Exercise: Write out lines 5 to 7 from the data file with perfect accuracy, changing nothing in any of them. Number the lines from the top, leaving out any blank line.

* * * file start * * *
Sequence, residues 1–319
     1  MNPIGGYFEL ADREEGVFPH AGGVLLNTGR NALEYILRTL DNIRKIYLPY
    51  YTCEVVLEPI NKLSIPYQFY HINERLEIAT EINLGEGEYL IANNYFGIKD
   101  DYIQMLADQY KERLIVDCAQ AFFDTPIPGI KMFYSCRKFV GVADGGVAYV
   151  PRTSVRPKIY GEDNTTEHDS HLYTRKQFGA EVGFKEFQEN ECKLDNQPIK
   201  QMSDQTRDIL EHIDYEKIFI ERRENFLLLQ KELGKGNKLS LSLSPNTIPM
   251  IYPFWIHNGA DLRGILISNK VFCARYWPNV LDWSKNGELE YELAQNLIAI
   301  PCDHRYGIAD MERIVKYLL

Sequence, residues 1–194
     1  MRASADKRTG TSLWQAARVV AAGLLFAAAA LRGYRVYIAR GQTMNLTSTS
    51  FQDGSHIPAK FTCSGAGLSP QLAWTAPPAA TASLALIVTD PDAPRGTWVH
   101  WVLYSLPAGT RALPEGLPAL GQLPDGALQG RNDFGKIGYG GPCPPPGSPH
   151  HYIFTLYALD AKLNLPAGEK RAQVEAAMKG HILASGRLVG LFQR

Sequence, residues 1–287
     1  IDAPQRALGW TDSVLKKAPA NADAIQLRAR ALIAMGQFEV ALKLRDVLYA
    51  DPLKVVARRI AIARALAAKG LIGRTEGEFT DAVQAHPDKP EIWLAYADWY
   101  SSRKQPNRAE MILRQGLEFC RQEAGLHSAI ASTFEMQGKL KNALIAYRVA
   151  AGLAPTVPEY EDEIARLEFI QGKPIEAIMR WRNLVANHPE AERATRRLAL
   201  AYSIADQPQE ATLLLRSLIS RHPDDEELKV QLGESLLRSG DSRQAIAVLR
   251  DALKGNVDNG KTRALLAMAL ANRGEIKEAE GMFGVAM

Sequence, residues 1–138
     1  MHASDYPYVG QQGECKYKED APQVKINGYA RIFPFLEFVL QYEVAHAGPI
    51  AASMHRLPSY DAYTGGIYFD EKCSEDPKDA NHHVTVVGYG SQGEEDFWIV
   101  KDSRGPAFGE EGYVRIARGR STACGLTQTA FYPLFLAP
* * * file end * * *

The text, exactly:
   151  PRTSVRPKIY GEDNTTEHDS HLYTRKQFGA EVGFKEFQEN ECKLDNQPIK
   201  QMSDQTRDIL EHIDYEKIFI ERRENFLLLQ KELGKGNKLS LSLSPNTIPM
   251  IYPFWIHNGA DLRGILISNK VFCARYWPNV LDWSKNGELE YELAQNLIAI